The next time you utilize a drive belt, Car Pulley Belt timing belt, or timing chain, you’ll likely need to loosen a tensioner pulley to remove it. Subsequent these general suggestions and specific instructions from your owners manual or restoration manual, your belt or chain will function for the life of your car.
Toyota and other timing belt tensioners are loosened simply by removing them from the engine. You need to slowly compress them in a bench vice and lock them with a pull-pin before reinstallation.
Hydraulic (not hydraulic-damped) tensioners are almost always positioned in the timing case, mostly on automobiles with timing chains, while some are used with timing belts. Hydraulic tensioners are run by oil pressure from the engine oil pump and could press on a tensioner pulley (timing belts) or stress slipper (timing chain). You will likely need the entire year, make, and model information, and you may need to use special tools for this sort of tensioner pulley.
Typically, a hydraulic tensioner needs to be “reset” and locked after removing it from the engine. Remove the lock only following the tensioner, pulley, or slipper, and timing belt or timing chain are installed and aligned.
The spring maintains tension, while the hydraulic damper keeps it from bouncing under load changes. This prevents timing belts and timing chains slapping and jumping tooth and retains drive belts from slipping and making sound. To loosen a drive belt springtime tensioner pulley, refer initial to the restoration manual or owners manual’s specific 12 months, make, and model details.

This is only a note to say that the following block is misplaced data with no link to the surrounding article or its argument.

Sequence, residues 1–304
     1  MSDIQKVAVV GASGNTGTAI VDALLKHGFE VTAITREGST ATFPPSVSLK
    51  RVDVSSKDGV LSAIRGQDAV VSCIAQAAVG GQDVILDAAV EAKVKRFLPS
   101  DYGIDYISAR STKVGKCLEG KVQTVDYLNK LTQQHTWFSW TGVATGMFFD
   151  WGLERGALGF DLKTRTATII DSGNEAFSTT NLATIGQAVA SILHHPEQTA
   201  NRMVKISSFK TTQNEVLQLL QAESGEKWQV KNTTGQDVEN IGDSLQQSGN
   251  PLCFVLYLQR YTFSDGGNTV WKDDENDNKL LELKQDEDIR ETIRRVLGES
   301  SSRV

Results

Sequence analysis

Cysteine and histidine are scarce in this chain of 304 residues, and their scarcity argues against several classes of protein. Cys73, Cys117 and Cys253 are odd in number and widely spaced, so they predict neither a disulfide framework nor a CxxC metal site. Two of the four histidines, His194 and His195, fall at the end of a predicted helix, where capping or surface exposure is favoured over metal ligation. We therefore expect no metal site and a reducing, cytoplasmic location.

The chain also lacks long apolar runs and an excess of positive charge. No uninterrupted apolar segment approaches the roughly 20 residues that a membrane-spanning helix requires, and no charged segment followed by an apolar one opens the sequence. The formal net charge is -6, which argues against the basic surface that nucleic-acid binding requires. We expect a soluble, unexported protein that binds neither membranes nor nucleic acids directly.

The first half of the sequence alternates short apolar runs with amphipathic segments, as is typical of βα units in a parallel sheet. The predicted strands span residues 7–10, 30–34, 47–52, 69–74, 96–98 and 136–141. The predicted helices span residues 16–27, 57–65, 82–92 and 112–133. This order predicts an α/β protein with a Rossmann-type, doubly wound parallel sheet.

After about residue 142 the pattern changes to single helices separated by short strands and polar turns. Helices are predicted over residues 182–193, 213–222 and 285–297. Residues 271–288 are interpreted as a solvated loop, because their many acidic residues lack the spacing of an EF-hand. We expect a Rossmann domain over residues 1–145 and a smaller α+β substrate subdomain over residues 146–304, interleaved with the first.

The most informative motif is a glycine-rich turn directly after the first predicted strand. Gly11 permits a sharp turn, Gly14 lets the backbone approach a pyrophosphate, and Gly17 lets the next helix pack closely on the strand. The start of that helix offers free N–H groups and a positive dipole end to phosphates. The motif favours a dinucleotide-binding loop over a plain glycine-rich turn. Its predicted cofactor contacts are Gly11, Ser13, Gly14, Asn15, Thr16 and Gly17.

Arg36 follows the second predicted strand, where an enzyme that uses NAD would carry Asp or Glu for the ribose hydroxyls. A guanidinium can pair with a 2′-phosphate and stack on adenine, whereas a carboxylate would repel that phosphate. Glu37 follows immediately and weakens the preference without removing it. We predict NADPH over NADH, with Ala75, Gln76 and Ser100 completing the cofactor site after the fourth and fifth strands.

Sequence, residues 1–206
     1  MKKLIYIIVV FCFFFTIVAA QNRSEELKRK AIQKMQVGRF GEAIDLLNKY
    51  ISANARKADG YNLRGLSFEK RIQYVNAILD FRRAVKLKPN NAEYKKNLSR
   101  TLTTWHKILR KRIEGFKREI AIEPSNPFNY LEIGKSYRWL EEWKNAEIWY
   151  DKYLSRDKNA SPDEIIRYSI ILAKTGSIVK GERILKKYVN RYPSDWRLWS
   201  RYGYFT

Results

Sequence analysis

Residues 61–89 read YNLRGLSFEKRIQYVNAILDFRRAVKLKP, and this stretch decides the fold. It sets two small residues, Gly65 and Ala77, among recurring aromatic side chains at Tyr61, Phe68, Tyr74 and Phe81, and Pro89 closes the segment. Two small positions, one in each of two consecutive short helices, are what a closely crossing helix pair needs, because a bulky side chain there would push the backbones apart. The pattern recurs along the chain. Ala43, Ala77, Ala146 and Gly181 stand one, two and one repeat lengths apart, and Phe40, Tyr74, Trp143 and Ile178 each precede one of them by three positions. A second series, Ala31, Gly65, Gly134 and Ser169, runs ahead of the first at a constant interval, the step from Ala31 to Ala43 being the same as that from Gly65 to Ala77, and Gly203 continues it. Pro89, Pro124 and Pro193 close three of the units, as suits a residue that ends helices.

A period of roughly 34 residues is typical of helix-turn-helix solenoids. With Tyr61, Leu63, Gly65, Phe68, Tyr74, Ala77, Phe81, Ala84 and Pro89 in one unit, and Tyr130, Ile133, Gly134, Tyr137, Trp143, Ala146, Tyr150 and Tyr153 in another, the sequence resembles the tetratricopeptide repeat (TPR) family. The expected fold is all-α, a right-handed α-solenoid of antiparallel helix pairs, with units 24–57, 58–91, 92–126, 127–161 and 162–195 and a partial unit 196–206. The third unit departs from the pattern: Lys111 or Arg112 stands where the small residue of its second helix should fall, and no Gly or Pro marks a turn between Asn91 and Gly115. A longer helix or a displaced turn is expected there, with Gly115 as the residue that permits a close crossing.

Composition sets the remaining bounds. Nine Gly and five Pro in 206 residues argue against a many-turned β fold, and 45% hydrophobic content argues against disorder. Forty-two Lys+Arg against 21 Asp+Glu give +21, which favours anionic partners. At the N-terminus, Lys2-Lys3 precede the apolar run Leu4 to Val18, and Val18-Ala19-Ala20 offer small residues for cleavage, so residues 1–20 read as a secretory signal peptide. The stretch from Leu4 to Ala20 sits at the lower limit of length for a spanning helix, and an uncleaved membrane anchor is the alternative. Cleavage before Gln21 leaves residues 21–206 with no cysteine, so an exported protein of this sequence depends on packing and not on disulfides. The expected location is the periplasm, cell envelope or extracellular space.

You may need a special tool, but many spring tensioners have a square hole, for a 3/8” or 1/2” breaker bar, or a hex or square protrusion for a wrench or socket. Using the correct tool, release tension on the belt. You’ll need to hold some springtime tensioners while slipping on a new belt. Others may possess a locking mechanism, such as a hole for a locking pin or hex important.
To loosen an NAI tensioner, loosen the locking nut or bolt, then back off the tensioner screw. Press the pulley toward the other pulleys or add-ons, loosening the belt.
Spring tensioner pulleys, because the name implies, use a springtime to hold tension upon the belt. Most, if not all, springtime tensioner pulleys are NAI tensioners and include a hydraulic damper. They are more complex and costly but don’t require changes and are less prone to user error.